According to a research conducted by Kaspersky Lab, 22% percent of the phishing scams target Facebook. The report stated that Kaspersky Lab identifies more than 20,000 incidents per day in which the users of Kaspersky Lab attempt to visit Facebook pages. The above-mentioned statistic clearly indicates the need for security awareness programs amongst the users of social networks. The purpose of this article is to examine the four most popular social media phishing schemes, namely, deceptive phishing (Section 2); malware-based phishing (Section 3); content-injection phishing (Section 4); and man-in-the middle phishing (Section 5). Finally, a conclusion is drawn (Section 6). Deceptive phishing is the most common type of social media phishing. In a typical scenario, a phisher creates an account pretending to be the account of the victim. Next, the phisher sends friend requests to the friends of the victim as well as a message such as “I have abandoned my previous Facebook account. From now on, please communicate with me through this account only”. Afterwards, the phisher starts sending messages to the friends of the victim that demand the recipient to click on a link. Examples of such messages include: (1) a statement that the receiver of the message has a virus which can be deleted by signing up for a special anti-virus inspection conducted by the social network; and (2) a fictitious invoice which can be cancelled by clicking on a link requesting the user to provide her/his personal information. In most cases the messages sent by the phisher to the victim aims at collecting the personal information of the victim, including numbers of credit and debit cards. This information will be used by the phisher for transferring funds from the victim’s account to the phisher accounts. It is worth mentioning that often the phisher does not directly cause any economic damage to the victim, but merely resells the stolen information to third parties who commit the actual financial theft. It should be noted that even the social network accounts of famous persons could be impersonated and used for deceptive phishing.  A reporter at Nature, a scientific journal, found that more than 100 scientists, policy-makers and journalists have bogus Facebook accounts. The victims do not have any control over their profile and the actual owners of the accounts remain unknown. What is particularly interesting is that the bogus accounts have a network of bogus friends, which is used to persuade the victims that the phishing messages are sent from a genuine account. The creation of a network of impostors is also known as a “Sybil attack”. Malware-based phishing refers to a spread of phishing messages by using malware. For example, the Facebook account of a victim who installed a rogue Facebook app will automatically send messages to all the friends of the victim. Such messages often contain links allowing the receivers of the messages to install the rogue Facebook app on their computers or mobile devices. The best way to avoid the installation of rogue Facebook apps is to be very selective when installing any third-party Facebook applications. For example, Facebook apps developed by unknown developers that request access to extensive information should be researched thoroughly. One method often used by phishers to “seduce” the Facebook users to install malware to their computer is to promise them that the malware will enable them to see a list of people who visited their Facebook profile page. In some cases, phishing malware is enclosed in gaming apps for mobile devices. For example, a popular gaming app called “Cowboy Adventure” contained malicious functionality that allowed the app developers to collect Facebook IDs and passwords of the users. The app operates as a genuine app and the person who installs it may not even suspect that he/she installed malicious software on his/her computer. The app was removed from the Google Play Store. However, similar malicious apps may already exist on Google Play Store, Apple AppStore, and other app marketplaces. The content-injection social network phishing refers to inserting malicious content in social networks. The malicious content can often be in the form of bogus posts (e.g., tweets, posts in the Facebook feed or in LinkedIn feed) published by users whose accounts were affected with rogue apps. In many cases, the victims are unable to see the bogus posts posted by the malware apps on their behalf. The bogus posts, for example, may contain a photo of the account owner and the text: “I am in the hospital. If you would like to help me, please sign up by clicking on the following link”. When the victim clicks on the link, he/she will be requested to provide his/her personal data, which may be used by the phisher for committing identity theft and other scams. Sometimes a post may contain a malicious content and hoax text that requests the users to share the post. A typical hoax message reads as follows: “As of September 28th, 2015 at 10:50p.m. Eastern Standard Time, I do not give Facebook or any entities associated with Facebook permission to use my pictures, information, or posts, both past and future. By this statement, I give notice to Facebook it is strictly forbidden to disclose, copy, distribute, or take any other action against me based on this profile and/or its contents. The content of this profile is private and confidential information. The violation of privacy can be punished by law (UCC 1-308- 1 1 308-103 and the Rome Statute). NOTE: Facebook is now a public entity. All members must post a note like this. If you prefer, you can copy and paste this version. If you do not publish a statement at least once it will be tactically allowing the use of your photos, as well as the information contained in the profile status updates.” Facebook has little or no control on such hoax messages because, pursuant to Facebook’s legal documents, the users own all of the information posted by them on Facebook. Phishers can easily insert phishing links in the hoax messages. For example, a phisher may modify the second part of the aforementioned message as follows: “Facebook is now a public entity. All members must sign-up at in order to prohibit Facebook from disclosing, copying, and distributing my information. If you do not sign-up here at least once you will be tactically allowing the use of your photos, as well as the information contained in the profile status updates.” A man-in-the-middle social network attack, also known as social network session hijacking attack, is a form of phishing in which the phisher positions himself between the user and a legitimate social network website. Messages intended for the legitimate social network website pass through the phisher who can inspect the messages and acquire valuable information. Furthermore, the man in the middle can post phishing links on behalf of the victim. There are many online tutorials that provide instructions on how to hack Facebook using a man-in-the middle attack. The man-in-the-middle attacks are easy to perform because they consist of several easy to implement steps. In a typical scenario, the attacker performs the following steps: (1) the attacker lures the victim to a phishing site (e.g., a fake login page of Facebook) where the victim enters his/her username and password; (2) the phisher’s server uses the stolen credentials to enter the legitimate social network website and keeps the session open; (3) when the user logs off from the phishing website, the phisher inspects the account of the victim on the legitimate social network website and acquires valuable information which can be used for various criminal purposes, such as stealing money or coming identity theft. In some cases, the work of the man-in-the middle is facilitated by security vulnerabilities in the social network platforms. By way of illustration, the Egyptian penetration tester Ahmed Elsobky discovered a serious flaw in Facebook, which allowed hackers to perform a man-in-the-middle on Facebook. Facebook’s security team replied to the finding of Ahmed Elsobky as follows: “We’d actually received an earlier report from another researcher regarding this same issue. In response to that report, we’ve been working on limiting this behavior when it comes to our official apps, since they’re pre-authorized. For other apps, unfortunately, fully preventing this would mean requiring any site integrating with Facebook to use HTTPS, which simply isn’t practical for right now.” [download]Download the BEST PRACTICES FOR DEVELOPING AN ENGAGING SECURITY AWARENESS PROGRAM whitepaper[/download] In order to prevent man-in-the-middle social network attacks exploiting the security vulnerability found by Ahmed Elsobky it is necessary to: (1) never send an access token over unencrypted channel; (2) use only encrypted apps; and (3) use “HTTPS Everywhere” Browser Extension. Social network phishing is a significant information security threat for both individuals and companies. A large number of individuals have become victims of identity theft resulting from phishing attacks. Such attacks have caused severe reputation damage to many companies. There is a pressing social need for spreading security awareness about phishing. This article attempted to spread such awareness by examining the four most popular social network phishing attacks. The article also provides recommendations on how to avoid some of those attacks. Looking forward, the phishers will invent more sophisticated social network phishing methods. In order to avoid becoming victims of these new methods, individuals and companies should undergo regular security training, which allows them to identify the phishing threats. For example, the popular social security networks (e.g., Facebook, LinkedIn, and Twitter) can provide their users with free video lessons educating their users on how to identify phishing attacks. Such videos will not only protect their users from hackers, but also increase user’s trust in the social networks.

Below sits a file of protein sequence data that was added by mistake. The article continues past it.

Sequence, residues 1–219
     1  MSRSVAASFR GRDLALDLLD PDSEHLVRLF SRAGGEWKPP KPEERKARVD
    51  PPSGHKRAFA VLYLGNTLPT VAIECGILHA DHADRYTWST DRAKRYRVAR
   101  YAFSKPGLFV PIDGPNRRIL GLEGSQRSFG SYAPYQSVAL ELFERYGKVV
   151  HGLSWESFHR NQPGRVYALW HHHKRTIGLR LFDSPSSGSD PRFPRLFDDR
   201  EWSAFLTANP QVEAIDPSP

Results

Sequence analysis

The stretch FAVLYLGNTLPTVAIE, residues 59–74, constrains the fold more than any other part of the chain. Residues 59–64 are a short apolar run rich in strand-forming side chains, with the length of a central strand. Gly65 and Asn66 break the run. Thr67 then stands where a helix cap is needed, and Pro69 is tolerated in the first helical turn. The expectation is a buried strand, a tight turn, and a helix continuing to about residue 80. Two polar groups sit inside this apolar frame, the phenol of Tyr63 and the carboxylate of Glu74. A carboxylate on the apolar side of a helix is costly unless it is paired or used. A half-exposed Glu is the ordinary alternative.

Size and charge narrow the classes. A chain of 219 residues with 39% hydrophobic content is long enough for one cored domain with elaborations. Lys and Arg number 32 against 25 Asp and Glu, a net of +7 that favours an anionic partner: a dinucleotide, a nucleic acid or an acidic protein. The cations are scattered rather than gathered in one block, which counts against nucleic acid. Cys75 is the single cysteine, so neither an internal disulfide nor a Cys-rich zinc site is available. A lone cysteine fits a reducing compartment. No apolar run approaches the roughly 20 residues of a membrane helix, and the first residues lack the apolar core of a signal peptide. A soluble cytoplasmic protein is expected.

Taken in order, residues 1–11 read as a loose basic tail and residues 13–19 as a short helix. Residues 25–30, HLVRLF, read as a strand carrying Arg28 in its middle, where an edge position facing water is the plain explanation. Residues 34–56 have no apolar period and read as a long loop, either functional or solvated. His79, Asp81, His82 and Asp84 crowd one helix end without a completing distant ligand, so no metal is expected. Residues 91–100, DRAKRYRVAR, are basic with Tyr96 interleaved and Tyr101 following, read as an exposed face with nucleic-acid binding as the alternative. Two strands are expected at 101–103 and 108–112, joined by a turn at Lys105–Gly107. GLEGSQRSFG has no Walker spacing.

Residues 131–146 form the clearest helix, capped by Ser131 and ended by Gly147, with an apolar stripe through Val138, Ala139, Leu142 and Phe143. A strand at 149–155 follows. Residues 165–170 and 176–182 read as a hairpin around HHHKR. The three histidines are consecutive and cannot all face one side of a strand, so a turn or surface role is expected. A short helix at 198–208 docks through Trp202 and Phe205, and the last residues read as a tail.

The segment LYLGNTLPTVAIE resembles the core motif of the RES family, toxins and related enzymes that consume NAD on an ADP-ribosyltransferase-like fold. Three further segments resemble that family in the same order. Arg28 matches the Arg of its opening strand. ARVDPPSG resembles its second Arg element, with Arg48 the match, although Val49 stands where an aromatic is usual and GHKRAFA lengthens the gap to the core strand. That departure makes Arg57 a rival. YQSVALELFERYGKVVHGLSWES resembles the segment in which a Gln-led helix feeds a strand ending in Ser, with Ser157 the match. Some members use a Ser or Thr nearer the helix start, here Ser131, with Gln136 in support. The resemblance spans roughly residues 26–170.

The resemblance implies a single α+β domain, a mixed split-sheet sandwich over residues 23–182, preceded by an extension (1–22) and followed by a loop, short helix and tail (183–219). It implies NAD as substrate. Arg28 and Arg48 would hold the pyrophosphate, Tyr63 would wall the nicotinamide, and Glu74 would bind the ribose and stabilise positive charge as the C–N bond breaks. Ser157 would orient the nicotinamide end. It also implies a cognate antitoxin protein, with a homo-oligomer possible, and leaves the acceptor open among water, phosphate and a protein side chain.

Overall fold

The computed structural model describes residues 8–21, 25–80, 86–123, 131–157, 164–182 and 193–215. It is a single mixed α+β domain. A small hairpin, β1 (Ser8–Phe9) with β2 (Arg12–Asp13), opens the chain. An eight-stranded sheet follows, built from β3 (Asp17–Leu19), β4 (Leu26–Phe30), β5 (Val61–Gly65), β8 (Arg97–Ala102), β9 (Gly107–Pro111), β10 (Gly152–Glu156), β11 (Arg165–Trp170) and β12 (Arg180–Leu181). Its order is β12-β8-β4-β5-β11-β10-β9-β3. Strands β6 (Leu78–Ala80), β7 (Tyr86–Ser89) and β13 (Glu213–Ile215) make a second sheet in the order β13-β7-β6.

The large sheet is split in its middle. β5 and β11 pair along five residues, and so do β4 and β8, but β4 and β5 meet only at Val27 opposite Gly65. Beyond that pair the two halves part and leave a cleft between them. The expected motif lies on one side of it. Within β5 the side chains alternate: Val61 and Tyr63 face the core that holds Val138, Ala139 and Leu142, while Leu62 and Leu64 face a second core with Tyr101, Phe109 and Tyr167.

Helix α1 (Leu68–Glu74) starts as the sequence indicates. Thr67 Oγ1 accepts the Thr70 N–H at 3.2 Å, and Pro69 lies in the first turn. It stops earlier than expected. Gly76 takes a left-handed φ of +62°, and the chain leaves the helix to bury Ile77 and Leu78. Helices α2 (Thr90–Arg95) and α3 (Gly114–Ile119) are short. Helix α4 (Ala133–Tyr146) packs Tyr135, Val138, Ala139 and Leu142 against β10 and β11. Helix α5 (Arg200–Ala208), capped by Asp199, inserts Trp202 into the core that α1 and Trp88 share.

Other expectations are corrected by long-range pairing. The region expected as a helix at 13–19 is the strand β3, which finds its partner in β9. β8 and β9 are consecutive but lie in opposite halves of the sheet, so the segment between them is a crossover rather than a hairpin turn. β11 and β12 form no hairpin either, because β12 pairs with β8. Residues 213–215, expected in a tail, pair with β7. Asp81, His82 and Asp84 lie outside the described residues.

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Co-Author Rasa Juzenaite works as a project manager in an IT legal consultancy firm in Belgium. She has a Master degree in cultural studies with a focus on digital humanities, social media, and digitization. She is interested in the cultural aspects of the current digital environment.